Pro-environment groups lambasted the proposal to install a waste-to-energy (WTE) facility in the city of Cebu as part of its long-term strategy on disaster resilience.
In a statement issued on Wednesday, the groups said the proposed project will only “exacerbate the public health and the ecological crisis” caused by climate change and the pandemic.
Lawyer Kristine Joy Argallon of the Philippine Earth Justice Center said setting up WTE facilities “is an extremely expensive and dirty solid waste management method that will cause more harm to the environment.”
Argallon said the city’s climate and post-disaster resilience plan “should be based on ecological and sustainable principles,” such as investments on renewable energy.
On January 12, Mayor Michael Rama presented plans on strengthening the city’s disaster preparedness before the city council following the onslaught of super typhoon Odette in December.
Rama said the city needs its own power plant that can supply at least 200 megawatts, and a WTE facility to prevent power interruption every time a typhoon hits the province.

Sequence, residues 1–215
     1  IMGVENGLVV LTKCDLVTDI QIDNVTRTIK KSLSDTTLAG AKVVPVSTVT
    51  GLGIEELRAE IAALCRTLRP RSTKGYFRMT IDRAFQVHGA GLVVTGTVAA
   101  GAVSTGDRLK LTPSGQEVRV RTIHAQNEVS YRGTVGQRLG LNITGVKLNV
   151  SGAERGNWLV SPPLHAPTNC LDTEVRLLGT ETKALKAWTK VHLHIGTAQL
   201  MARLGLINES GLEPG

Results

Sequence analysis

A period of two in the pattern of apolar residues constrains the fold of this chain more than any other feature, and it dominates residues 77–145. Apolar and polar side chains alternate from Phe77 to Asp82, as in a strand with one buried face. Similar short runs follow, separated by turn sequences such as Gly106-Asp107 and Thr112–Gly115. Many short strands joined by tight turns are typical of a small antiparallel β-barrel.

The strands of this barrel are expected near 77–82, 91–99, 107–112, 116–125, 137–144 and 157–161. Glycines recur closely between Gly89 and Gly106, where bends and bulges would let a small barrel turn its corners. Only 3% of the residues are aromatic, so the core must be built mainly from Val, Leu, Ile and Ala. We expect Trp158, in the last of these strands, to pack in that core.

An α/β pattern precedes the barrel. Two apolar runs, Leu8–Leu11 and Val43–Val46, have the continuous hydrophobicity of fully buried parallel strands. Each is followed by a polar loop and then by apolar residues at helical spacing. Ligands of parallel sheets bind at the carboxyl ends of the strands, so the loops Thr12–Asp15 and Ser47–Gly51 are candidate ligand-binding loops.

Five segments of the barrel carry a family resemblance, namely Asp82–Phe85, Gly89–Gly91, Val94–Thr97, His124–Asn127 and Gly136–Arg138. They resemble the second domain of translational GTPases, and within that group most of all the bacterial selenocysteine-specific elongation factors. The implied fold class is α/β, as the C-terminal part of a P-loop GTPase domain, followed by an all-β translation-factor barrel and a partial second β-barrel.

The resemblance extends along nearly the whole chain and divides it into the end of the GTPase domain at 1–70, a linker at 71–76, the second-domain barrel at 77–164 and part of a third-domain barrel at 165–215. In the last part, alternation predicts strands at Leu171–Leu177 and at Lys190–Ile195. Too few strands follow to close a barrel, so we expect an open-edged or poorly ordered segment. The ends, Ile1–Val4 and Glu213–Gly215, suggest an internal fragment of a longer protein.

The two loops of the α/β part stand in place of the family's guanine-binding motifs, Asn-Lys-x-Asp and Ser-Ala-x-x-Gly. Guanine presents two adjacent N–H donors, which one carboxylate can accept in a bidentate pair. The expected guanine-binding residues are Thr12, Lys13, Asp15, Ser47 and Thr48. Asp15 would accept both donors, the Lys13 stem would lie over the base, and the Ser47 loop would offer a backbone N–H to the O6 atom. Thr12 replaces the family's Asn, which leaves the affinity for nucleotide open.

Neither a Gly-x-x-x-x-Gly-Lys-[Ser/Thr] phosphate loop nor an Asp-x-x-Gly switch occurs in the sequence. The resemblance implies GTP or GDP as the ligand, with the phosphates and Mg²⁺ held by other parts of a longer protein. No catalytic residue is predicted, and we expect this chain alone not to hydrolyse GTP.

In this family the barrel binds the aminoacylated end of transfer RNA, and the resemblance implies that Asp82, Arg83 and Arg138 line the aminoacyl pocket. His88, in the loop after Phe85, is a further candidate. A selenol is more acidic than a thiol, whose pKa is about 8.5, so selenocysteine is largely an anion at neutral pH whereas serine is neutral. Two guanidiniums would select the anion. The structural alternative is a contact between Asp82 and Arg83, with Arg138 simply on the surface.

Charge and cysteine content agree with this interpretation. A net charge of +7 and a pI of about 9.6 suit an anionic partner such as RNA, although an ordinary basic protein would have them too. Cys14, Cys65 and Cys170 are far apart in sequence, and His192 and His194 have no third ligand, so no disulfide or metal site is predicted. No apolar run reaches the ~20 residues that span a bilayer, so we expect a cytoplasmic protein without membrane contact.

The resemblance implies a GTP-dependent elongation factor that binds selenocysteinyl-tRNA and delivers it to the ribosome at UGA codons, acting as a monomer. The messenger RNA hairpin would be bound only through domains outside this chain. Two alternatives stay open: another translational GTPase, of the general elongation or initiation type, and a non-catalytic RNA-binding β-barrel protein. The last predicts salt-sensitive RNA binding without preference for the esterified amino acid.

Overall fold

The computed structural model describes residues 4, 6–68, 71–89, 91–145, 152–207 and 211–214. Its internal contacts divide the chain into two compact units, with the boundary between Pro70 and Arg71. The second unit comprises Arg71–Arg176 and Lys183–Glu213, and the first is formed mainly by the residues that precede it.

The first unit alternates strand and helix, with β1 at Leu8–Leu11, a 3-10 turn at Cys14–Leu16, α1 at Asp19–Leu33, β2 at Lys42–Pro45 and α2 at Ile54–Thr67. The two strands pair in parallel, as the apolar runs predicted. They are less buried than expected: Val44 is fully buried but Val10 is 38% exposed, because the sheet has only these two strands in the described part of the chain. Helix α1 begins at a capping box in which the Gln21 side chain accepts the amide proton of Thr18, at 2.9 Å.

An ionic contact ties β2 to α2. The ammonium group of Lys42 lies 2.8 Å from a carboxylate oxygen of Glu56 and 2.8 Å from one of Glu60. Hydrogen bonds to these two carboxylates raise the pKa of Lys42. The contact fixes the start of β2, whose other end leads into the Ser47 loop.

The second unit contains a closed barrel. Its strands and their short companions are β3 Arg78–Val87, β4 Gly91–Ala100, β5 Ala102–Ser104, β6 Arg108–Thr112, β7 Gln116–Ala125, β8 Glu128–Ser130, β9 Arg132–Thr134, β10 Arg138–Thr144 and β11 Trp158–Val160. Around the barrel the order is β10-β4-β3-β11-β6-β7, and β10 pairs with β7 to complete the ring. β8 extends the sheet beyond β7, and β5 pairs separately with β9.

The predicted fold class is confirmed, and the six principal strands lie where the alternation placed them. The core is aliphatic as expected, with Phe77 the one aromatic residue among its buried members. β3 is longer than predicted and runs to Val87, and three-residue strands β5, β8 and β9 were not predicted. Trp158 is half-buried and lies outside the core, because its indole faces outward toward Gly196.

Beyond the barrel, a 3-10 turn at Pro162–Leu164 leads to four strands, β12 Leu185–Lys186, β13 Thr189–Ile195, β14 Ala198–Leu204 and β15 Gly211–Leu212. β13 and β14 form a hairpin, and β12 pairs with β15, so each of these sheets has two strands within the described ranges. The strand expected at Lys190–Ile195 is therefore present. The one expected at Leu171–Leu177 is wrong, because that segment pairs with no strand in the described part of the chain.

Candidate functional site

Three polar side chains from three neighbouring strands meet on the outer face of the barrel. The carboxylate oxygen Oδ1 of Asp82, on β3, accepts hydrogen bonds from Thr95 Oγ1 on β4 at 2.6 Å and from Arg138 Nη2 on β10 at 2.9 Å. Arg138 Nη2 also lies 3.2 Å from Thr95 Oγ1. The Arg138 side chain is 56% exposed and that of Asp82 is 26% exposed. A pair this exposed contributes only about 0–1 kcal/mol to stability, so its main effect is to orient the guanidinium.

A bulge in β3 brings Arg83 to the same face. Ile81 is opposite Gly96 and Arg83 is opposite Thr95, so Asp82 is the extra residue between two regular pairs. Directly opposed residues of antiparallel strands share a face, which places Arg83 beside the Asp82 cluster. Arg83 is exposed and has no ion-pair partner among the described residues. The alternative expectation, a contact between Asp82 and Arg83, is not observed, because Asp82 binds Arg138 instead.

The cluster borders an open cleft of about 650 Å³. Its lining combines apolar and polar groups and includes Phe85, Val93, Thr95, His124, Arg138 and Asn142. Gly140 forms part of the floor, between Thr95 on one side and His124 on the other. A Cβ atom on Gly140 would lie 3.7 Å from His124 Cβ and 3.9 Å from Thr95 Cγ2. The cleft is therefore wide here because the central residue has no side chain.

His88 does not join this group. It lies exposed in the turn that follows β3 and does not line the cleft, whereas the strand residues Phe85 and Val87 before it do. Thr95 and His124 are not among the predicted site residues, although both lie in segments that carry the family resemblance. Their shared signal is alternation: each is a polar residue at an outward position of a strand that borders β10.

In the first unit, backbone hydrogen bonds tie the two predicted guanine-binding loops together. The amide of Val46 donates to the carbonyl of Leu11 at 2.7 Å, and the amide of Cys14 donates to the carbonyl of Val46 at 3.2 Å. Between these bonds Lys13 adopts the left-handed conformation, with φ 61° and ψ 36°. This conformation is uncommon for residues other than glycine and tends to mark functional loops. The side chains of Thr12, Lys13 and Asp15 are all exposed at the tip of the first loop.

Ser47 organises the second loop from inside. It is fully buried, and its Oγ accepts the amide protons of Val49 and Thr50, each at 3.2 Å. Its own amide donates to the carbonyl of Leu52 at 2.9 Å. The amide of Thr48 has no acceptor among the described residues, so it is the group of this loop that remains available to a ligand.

He also proposed to install all public utilities, including power and communication lines, underground.
“It is imperative for the city to own a power plant if feasible,” said the mayor.
Lawyer Lievj Alimangohan of the EcoWaste Coalition said Cebu will be plunged into a heavy financial burden if it enters into an agreement with a WTE facility project proponent.
“Typical WTE contracts have decades-long terms and contain lock-in provisions that will bind the city to expensive and onerous obligations for a long time,” said Alimangohan.
He said the city should focus on “a robust implementation of programs that focus on waste minimization, materials recovery and recycling” instead of engaging in “an unnecessary expenditure of public funds on a system that is dangerous to public health and the environment.”